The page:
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Re: First year PIOMAS volume below 1000km^3 poll 2018
« Reply #5 on: March 29, 2018, 01:26:41 AM »
Crandles just to verify, your poll is about the daily minimum, correct? I am asking as the graphs you posted are for the Sept average.

Should have known I would miss something obvious. Have edited poll question to add daily and also put in some warning about this issue in the first post.

People should be able to change their vote if they wish.

oren

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Re: First year PIOMAS volume below 1000km^3 poll 2018
« Reply #6 on: March 29, 2018, 03:19:05 AM »
Thanks for the clarification.

Dave C

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Re: First year PIOMAS volume below 1000km^3 poll 2018
« Reply #7 on: March 30, 2018, 12:29:15 PM »
My real answer is "not likely to be soon", but I guess I'll pick 29-33.

Obviously you have to be careful against cherry picking, but the fact is that there has been no volume decline for 7 years now. I don't believe an objective rate of yearly volume decline exists. The rate is entirely dependent on the starting year you pick.
I think the most likely theory is the slow decline one(but still faster than scientific models predicted in the past). It is becoming increasingly likely that the ice dynamics have changed after most of the multi-year ice was eliminated. There is no reason that a trend has to continue. It's quite possible that the usual trend lines referred to will be wrong because the negative feedbacks certain to occur are stronger than predicted.
At least 4 negative feedbacks are certain to occur with less ice. Lower temperatures in ice covered areas, less average insolation, less ice transport and greater chance for refreezing in winter. It's possible that less ice creates more protective cloud cover as well. In the long run the ice is doomed. But in the short run I think these negative feedbacks are likely to prevail.

crandles

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Re: First year PIOMAS volume below 1000km^3 poll 2018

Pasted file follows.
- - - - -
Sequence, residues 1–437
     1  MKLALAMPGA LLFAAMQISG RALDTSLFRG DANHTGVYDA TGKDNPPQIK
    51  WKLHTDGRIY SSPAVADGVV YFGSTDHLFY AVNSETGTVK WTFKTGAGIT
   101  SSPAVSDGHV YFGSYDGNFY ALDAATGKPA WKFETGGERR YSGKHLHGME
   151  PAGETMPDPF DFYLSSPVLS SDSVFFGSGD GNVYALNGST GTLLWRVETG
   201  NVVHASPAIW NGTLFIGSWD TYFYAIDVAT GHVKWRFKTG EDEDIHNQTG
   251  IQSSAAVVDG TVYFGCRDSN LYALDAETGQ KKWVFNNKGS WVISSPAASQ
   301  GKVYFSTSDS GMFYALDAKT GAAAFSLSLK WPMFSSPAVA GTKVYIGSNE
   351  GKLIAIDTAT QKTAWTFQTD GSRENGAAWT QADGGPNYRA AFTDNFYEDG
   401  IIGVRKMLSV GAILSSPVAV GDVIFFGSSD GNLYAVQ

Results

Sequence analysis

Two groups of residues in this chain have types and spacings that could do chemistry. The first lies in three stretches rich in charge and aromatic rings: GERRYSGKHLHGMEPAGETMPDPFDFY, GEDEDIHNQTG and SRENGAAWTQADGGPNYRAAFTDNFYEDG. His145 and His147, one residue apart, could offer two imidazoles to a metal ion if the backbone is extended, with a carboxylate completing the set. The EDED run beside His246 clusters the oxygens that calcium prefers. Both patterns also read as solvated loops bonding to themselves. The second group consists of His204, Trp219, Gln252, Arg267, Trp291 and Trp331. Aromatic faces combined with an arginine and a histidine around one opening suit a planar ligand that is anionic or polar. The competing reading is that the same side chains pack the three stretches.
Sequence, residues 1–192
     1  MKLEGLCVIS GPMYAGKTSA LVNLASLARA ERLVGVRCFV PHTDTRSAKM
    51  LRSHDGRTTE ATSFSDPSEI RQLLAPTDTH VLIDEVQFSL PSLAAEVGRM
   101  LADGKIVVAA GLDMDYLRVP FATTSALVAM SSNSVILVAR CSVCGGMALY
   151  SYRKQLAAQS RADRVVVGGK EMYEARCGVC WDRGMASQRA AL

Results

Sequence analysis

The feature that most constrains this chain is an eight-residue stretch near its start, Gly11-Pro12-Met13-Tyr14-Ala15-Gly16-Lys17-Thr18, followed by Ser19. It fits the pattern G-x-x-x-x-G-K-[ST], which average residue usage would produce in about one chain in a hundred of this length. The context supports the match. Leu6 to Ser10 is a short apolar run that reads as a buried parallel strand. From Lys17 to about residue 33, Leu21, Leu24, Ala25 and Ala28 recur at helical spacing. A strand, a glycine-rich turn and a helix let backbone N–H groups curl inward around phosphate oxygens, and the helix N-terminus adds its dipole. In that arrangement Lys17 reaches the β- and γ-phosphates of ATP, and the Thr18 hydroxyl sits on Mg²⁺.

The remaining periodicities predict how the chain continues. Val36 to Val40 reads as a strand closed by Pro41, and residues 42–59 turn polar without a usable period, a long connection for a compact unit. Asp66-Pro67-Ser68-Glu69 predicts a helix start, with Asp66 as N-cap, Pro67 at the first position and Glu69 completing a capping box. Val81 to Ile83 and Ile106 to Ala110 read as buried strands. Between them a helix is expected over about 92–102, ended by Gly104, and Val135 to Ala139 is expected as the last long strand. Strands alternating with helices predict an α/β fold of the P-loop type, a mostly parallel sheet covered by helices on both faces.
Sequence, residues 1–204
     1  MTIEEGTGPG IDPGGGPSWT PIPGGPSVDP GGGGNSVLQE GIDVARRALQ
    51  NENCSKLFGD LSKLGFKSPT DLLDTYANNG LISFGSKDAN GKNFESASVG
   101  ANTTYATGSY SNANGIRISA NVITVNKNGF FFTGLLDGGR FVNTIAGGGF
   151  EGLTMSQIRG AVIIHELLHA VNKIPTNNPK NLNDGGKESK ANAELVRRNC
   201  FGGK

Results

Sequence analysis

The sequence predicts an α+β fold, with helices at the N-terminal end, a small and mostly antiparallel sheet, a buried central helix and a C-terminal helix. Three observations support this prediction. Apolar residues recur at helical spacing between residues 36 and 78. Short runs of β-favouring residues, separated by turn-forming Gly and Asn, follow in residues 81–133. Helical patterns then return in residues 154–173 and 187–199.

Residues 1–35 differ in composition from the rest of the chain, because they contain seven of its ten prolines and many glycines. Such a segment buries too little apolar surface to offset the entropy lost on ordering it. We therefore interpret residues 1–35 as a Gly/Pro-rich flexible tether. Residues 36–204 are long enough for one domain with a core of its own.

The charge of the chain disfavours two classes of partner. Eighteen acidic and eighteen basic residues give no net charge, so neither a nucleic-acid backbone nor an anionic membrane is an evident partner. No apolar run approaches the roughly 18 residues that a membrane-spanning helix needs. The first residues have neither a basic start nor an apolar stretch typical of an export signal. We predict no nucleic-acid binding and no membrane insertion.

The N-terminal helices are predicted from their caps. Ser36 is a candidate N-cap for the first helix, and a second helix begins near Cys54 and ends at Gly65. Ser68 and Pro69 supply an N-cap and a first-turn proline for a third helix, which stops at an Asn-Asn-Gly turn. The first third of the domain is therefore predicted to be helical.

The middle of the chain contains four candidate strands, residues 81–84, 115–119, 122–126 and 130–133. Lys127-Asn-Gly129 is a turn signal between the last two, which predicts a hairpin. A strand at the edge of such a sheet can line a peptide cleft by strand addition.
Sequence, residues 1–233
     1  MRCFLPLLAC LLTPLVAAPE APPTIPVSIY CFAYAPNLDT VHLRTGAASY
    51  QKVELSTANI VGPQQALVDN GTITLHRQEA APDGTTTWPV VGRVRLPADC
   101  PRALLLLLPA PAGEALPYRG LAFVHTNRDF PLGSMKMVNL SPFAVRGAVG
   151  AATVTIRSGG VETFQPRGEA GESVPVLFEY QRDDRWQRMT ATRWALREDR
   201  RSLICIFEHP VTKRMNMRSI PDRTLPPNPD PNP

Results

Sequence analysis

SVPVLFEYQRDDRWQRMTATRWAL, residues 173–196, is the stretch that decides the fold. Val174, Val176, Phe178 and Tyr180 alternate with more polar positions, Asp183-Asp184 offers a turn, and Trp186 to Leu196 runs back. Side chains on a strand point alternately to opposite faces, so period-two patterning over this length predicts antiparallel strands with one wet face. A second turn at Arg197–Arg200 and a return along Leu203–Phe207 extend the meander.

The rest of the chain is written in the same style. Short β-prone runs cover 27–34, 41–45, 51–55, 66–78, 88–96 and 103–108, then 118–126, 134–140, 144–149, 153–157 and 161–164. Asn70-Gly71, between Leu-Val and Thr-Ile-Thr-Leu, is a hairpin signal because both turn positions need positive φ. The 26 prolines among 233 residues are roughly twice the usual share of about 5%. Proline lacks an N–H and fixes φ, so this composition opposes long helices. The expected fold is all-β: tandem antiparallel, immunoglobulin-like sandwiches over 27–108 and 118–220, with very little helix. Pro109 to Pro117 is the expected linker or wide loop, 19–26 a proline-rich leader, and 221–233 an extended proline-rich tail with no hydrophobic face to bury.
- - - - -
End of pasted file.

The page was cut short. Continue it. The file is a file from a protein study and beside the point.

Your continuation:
« Reply #8 on: March 30, 2018, 02:46:31 PM »

At least 4 negative feedbacks are certain to occur with less ice. Lower temperatures in ice covered areas, less average insolation, less ice transport and greater chance for refreezing in winter. It's possible that less ice creates more protective cloud cover as well. In the long run the ice is doomed. But in the short run I think these negative feedbacks are likely to prevail.

>"Lower temperatures in ice covered areas"
Why would there be lower temperatures? Surely there are warmer temperatures nearer than previously that can get blown to such positions more easily? Then there is GHG levels.

'Less average insolation' is assuming increased cloud cover? (Not sure there is data showing this or at least isn't very clear.) Then there is lower albedo meaning a higher proportion is absorbed.

'Less ice transport' ice is thinner but moves faster so not sure about less being transported out of arctic. It is possible as ice retreats to smaller area.

But maybe you are talking about, we have cleared ice from area where there is a net movement out of the areas where quick increase in ice free area occurs so readily creating albedo feedback, but when we try to clear area with net movement in the area doesn't clear quickly so the albedo feedback is much slower.

Certainly agree with winter regrowth feedback.

Then there are others like:

Bathymetry: We have cleared the shallow area where warm salty gulf stream water cannot sink.

Distance from land and rivers:
Land warms up fast warming the air and rivers provide fresh water warmed during its journey. As the ice retreats away from these areas it gets harder to melt the ice.

oren

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Re: First year PIOMAS volume below 1000km^3 poll 2018
« Reply #9 on: March 30, 2018, 03:55:12 PM »
Dave C, the slow transition theory postulated a plateau in winter volume, due to fast refreeze of open water and thin ice, and with the freezing season remaining almost the same length, and thus it postulated a slow decline in summer. But instead we got a record low max volume last year, and a number two this year, so I think the theory is flawed, not taking into account very delayed refreeze. I therefore believe only luck prevented new lows in summer volume.

Tor Bejnar

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Re: First year PIOMAS volume below 1000km^3 poll 2018
« Reply #10 on: March 30, 2018, 04:18:26 PM »
Great reply, crandles!  (You wrote everything I was thinking while reading Dave C's post, plus an item or two.)

The Arctic conditions that most support the "slow transition theory", in my opinion, are the bathymetry and distance from coasts concerns.  (I don't think these are really "negative feedbacks" because 'nothing has changed'; years ago I posted, IICR, a concern that ice loss graphs used to predict an ice-free Arctic should use 'only' CAB data.  [I think my concern at the time was the limited 'length of summer' in the high Arctic {late May to mid-September.}  I've learned something along the way!])
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Daniel B.

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Re: First year PIOMAS volume below 1000km^3 poll 2018
« Reply #11 on: March 30, 2018, 05:46:03 PM »